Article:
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7 ways California wineries can connect with customers sheltering at home

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Digital Marketing

Shana Bull is a marketing educator and digital storyteller, working with wine, food, hospitality businesses, teaching classes on marketing, and freelance writing. Reach her with your questions about digital marketing at shana@shanabull.com, @sharayray on Instagram or at shanabull.com.

Read past columns at nbbj.news/digitalmarketing.


See more business coverage of COVID-19.

There’s a right time for everything, and the right time for your social media communications crisis plan is now.

I have shared details about how to create a five-step social media action plan for business during a crisis and how to keep relationships with customers after disasters. Both articles focused on the North Bay during the fires, but they are also relevant during a worldwide pandemic that is hurting so many in the hospitality business.

Like with any crisis, rules change so quickly that regular communication with your customers is necessary. (Keep your plans up to date through the Wine Institute or the California Department of Alcoholic Beverage Control, aka the ABC.) Right now, the best way to keep your customers updated is through social media, emails, the homepage of your website, and personal phone calls and DMs (direct messages) if appropriate.

Connections matter more right now than ever before

During hard times, it is easier to focus on current customers than on acquiring new ones. Potential customers may not be planning vacations right now, but marketers can focus on their energy on furthering the connection current customers have with your brand. ⁣

You may have heard that it costs more money to acquire new customers than to focus on your current ones.

This is an excellent time to move some of your marketing budget from trying to get new customers (like ads going to a "visit us" page) to upselling products or services. Update customers with what you are doing at your business to stay clean and safe, perhaps while still being able to ship or provide pickup services at your winery. You can do this by sharing details on social media, creating ads for some of your promotions, and engaging with your customers even more than you share.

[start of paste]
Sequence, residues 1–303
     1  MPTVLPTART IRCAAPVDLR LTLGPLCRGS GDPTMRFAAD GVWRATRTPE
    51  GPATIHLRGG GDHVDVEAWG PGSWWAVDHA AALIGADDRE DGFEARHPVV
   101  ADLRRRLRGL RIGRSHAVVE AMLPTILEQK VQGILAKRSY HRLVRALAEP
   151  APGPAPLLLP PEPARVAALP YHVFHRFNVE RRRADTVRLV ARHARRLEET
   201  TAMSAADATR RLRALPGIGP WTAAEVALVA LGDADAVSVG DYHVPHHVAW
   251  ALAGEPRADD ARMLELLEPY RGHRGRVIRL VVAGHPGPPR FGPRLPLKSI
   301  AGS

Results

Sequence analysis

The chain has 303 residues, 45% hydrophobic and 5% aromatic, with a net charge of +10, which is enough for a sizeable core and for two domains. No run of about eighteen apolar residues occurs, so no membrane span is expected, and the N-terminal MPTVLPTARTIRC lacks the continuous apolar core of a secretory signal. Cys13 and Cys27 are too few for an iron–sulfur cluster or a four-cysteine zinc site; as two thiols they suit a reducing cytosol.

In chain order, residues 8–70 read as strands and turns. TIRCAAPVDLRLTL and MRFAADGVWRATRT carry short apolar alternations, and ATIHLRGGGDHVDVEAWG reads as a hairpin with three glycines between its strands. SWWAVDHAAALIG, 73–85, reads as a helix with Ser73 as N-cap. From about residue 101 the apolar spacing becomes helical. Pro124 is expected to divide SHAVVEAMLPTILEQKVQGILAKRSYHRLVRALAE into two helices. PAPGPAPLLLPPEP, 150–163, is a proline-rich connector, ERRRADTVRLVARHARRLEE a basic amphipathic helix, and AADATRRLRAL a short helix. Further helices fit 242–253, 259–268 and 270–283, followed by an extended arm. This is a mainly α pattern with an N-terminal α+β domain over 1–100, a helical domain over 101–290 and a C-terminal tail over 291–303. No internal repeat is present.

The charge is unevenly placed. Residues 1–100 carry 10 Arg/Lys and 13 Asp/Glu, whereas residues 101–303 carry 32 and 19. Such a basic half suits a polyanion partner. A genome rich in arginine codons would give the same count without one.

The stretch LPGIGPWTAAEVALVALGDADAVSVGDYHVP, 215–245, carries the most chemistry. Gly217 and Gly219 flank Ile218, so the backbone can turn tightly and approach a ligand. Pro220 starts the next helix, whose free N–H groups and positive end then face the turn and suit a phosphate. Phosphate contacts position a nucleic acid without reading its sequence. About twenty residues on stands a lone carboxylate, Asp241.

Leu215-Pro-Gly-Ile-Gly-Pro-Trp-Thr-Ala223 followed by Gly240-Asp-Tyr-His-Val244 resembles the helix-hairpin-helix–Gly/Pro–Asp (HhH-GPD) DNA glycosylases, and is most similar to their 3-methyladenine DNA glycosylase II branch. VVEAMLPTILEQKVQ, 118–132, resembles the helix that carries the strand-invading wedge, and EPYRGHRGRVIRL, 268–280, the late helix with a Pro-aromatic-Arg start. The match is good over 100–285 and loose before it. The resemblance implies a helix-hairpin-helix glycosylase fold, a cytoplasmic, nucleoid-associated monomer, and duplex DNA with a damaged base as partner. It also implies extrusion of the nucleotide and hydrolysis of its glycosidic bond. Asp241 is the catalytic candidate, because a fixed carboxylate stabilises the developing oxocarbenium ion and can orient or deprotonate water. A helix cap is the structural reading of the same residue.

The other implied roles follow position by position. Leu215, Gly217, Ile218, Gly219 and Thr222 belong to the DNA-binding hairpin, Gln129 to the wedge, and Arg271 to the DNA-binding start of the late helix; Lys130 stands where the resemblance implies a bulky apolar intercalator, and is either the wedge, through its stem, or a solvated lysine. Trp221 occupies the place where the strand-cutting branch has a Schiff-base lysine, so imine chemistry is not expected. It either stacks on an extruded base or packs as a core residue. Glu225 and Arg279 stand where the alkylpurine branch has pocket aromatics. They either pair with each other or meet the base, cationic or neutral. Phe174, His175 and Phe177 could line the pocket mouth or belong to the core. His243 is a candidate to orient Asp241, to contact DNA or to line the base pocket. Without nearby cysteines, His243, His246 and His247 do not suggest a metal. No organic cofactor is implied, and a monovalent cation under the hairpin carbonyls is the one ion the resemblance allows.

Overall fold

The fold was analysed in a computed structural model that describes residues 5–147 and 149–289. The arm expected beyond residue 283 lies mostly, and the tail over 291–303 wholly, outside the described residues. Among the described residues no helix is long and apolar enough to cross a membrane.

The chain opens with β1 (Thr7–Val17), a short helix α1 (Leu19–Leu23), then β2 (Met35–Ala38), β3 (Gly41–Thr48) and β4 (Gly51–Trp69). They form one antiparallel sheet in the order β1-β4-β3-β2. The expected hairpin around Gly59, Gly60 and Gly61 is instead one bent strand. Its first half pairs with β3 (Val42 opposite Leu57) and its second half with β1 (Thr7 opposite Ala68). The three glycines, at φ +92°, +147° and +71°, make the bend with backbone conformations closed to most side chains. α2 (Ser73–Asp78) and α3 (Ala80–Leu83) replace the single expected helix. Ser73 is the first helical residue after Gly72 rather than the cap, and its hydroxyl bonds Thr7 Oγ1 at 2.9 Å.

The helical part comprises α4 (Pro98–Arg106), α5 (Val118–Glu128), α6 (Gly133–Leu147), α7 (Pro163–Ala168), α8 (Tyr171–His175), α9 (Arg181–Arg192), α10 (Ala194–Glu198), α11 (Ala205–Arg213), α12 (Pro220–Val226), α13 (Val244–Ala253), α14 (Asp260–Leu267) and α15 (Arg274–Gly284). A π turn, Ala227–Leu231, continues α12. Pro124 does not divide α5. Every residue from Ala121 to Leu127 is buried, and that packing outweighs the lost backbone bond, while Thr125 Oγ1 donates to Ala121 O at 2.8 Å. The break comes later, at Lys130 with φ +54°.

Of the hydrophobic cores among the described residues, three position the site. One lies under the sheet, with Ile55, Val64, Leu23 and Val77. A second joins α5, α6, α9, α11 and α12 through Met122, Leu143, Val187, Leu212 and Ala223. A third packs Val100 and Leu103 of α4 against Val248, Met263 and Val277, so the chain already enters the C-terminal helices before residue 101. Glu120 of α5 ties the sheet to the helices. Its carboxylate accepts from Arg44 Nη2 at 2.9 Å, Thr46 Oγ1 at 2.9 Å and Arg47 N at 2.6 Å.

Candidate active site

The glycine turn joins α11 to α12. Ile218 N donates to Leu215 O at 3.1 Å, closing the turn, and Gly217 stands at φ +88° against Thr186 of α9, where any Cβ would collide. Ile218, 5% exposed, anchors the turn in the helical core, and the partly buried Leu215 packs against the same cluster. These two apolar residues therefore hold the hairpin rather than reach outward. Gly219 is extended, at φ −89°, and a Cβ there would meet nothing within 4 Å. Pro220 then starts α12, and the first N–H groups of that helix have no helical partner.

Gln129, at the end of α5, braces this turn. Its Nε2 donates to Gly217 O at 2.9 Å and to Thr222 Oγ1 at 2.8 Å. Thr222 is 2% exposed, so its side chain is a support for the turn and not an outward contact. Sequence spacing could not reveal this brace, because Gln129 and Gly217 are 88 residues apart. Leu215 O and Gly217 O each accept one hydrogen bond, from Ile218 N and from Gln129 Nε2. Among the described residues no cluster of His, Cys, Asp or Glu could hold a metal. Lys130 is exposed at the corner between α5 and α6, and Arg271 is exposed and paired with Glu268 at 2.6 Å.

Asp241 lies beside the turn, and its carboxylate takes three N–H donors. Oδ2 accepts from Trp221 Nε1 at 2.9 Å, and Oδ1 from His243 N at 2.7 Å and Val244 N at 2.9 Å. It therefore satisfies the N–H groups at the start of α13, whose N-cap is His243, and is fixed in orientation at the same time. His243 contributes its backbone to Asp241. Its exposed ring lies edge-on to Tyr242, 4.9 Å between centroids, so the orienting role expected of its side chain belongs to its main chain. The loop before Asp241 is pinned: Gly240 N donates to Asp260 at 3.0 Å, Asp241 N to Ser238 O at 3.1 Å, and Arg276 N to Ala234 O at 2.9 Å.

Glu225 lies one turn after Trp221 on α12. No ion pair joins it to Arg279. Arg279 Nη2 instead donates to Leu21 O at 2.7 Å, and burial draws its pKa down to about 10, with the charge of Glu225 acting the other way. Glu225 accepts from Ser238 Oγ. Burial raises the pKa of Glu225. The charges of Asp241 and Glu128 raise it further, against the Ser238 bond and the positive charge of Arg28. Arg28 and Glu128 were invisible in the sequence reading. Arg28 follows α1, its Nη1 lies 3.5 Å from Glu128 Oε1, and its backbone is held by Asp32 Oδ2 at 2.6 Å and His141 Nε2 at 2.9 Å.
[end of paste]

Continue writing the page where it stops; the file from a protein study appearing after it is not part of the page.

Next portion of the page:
Focus on long-term customer loyalty and invite them back once this is all over.

Keep your customers updated through social media: 12 steps

This is as simple as sharing daily posts across all of your social media channels about what is going on at your business. Things are changing quickly, so posting as frequently as necessary is helpful.

1. Be honest about what is happening, even if you are not sure what is going on.

2. Stop all forms of “business as usual” posts; this includes scheduled posts, automated emails, and ads (because an ad inviting people to the winery when you are closed is misleading, and wasteful of your budget).

3. Post uplifting content about your products, but make sure to be empathetic to what your customers are going through.

4. Wine makes people happy and brings some normalcy to daily life for many people stuck at home. People are looking for this! Share content that makes people smile.

5. Be aware of what you and your employees are sharing on your profile pages (these are an extension of your brand).

6. Share links of how your company, or community is helping others.

7. Keep things personal. People do business with other people, and the connection is what people will remember long after visiting your location, sipping on a glass of your wine, or connecting on Instagram.

8. Create personalized video clips or voice messages to share in your best wine club members’ DMs/emails, asking them how they are doing (this is not a place to sell unless they ask).

Digital Marketing

Shana Bull is a marketing educator and digital storyteller, working with wine, food, hospitality businesses, teaching classes on marketing, and freelance writing. Reach her with your questions about digital marketing at shana@shanabull.com, @sharayray on Instagram or at shanabull.com.

Read past columns at nbbj.news/digitalmarketing.


See more business coverage of COVID-19.

9. Share behind-the-scenes videos, go live on Facebook or Instagram, or do virtual wine tastings, which many wineries have started doing.

10. Create an opportunity to connect through a shared experience of something both you and your customers value (i.e., gardening, sustainability, cooking, entertaining, etc.).

11. Listen more, talk less. If you don’t listen to your customers, you’ll never understand them.

12. Brainstorm with your team (remotely over video) to think of personalized ways to connect with your customers (e.g., hand-written notes, adding a custom gift to every order, custom videos from the wine club manager, etc.).